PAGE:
the interest rate on the own bank account is, but this can change from time to

time. The cash account is therefore considered the locally risk less asset in con¬

trast to the other assets, the risky ones. In the following we will mainly utilize

3

discounted prices, defined as Sj := S 3 /S representing the asset prices in

terms of current unit of cash.

We remark that there is no need to assume that asset prices are positive.

But, there must be at least one strictly positive asset, in our case the cash.

If we want to renormalize the prices by choosing another asset instead of the

cash as reference, i.e. by making it to our numeraire, then this asset must

have a strictly positive price process. More precisely, a generic numeraire is an

asset, whose nominal price is represented by a strictly positive stochastic process

(I?t)te[o,+oo[> anc ^ w hich is a portfolio of the original assets j = 0,1,2,... ,7V.

The discounted prices of the original assets are then represented in terms of the

numeraire by the semimartingales S° t := S 3 t /B t .

We assume that there are no transaction costs and that short sales are

allowed. Remark that the absence of transaction costs can be a serious limitation

for a realistic model. The filtration A is not necessarily generated by the price

process (£>t) te [o.+oo[ : other sources of information than prices are allowed. All

agents have access to the same information structure, that is to the filtration

A.

A strategy is a predictable stochastic process x : [0,+oo[xS2 —>• de¬

scribing the portfolio holdings. The stochastic process (a^)t£[o,-i-oo[ represents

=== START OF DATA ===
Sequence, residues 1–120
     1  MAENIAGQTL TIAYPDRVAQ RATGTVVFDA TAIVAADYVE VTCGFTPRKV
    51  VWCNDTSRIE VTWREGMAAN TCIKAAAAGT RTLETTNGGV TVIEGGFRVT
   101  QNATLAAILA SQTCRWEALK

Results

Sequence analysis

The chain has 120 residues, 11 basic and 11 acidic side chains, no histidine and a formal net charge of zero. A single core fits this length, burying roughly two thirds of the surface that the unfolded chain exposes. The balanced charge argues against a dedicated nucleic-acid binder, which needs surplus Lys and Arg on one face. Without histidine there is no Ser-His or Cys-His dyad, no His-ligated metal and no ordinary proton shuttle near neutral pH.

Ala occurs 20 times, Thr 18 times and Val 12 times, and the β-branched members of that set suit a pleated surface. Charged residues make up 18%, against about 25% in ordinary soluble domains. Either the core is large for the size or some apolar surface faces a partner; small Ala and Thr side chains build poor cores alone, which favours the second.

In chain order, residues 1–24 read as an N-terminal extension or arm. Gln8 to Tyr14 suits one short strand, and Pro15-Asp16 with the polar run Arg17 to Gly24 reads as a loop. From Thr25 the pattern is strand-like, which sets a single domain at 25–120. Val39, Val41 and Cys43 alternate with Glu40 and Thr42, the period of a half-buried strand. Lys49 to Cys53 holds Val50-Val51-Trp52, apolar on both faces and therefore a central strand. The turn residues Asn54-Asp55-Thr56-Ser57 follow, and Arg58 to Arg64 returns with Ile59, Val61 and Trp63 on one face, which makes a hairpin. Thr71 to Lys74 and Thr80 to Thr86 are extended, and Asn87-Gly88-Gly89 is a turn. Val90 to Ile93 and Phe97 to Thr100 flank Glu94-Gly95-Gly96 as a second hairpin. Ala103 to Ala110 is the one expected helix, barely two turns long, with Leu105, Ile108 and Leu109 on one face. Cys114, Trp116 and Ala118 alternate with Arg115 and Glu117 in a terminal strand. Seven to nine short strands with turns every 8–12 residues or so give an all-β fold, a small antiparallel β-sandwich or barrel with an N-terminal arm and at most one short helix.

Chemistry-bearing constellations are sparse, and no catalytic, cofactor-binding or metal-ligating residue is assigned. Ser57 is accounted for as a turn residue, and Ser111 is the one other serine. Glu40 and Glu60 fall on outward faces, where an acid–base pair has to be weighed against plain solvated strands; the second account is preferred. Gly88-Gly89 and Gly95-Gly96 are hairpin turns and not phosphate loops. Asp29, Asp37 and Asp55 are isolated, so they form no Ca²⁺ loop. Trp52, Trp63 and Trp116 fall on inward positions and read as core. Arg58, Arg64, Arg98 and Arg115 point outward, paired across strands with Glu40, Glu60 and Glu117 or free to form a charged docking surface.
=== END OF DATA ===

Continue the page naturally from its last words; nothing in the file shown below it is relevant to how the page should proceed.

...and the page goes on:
the number of pieces of jth asset portfolio held by the portfolio as time goes by.

Remark that the Ito stochastic integral

/ x- dS = / x v ■ dS u . (1)

J o Jo

and the Stratonovich stochastic integral

f x o dS := f x ■ dS + — f d (x, S) = f x u ■ dS u + — f d(x, S) t

Jn Jo 2 Jr, Jn 2 J Q

( 2 )

are well defined for this choice of integrator ( S ) and integrand (a;), as long as the

strategy is admissible. We mean by this that a; is a predictable semimartingale

for which the Ito integral f Q x ■ dS is a.s. f-uniformly bounded from below.

Thereby, the bracket (-,-) denotes the quadratic covariation of two processes.

In a general context strategies do not need to be semimartingales, but if we

want the quadratic covariation in ([2]) and hence the Stratonovich integral to be

well defined, we must require this additional assumption. For details about

stochastic integration we refer to Appendix A in |Em89| . which summarizes

Chapter VII of the authoritative [DeMe80] . The portfolio value is the process

{^t}te[0,+oo[ defined by

V t := V t x := x t ■ S t . (3)

An admissible strategy x is said to be self-financing if and only if the portfolio

value at time t is given by

V t = V 0 + f x u ■ dS u .

Jo

(4)

4

This means that the portfolio gain is the Ito integral of the strategy with the

price process as integrator: the change of portfolio value is purely due to changes

of the assets’ values. The self-financing condition can be rewritten in differential

form as

dV t = x t ■ dS t . (5)

As pointed out in |BjHu05] , if we want to utilize the Stratonovich integral to

rephrase the self-financing condition, while maintaining its economical inter¬

pretation (which is necessary for the subsequent constructions of mathematical

finance), we write

V t = \o + [ x u o dS u f d(x, S) u (6)

J 0 ^ J 0

or, equivalently

dV t = xt o dS t -^d(x, S) t . (7)

An arbitrage strategy (or arbitrage for short) for the market model is

an admissible self-financing strategy x, for which one of the following condition

holds for some horizon T > 0:

• P[V 0 X < 0] = 1 and P[Vi f > 0] = 1,

• P[Vo < 0] = 1 and P[Vi f > 0] = 1 with P[V£ > 0] > 0.

In Chapter 9 of |DeSc08j the no arbitrage condition is given a topological charac¬

terization. In view of the fundamental Theorem of asset pricing, the no-arbitrage

condition is substituted by a stronger condition, the so called no-free-lunch-with-

vanishing-risk.

Definition 1. Let (£t)te[o,+oo[ be a semimartingale and (£t)te[ 0 ,+oo[ an d ad¬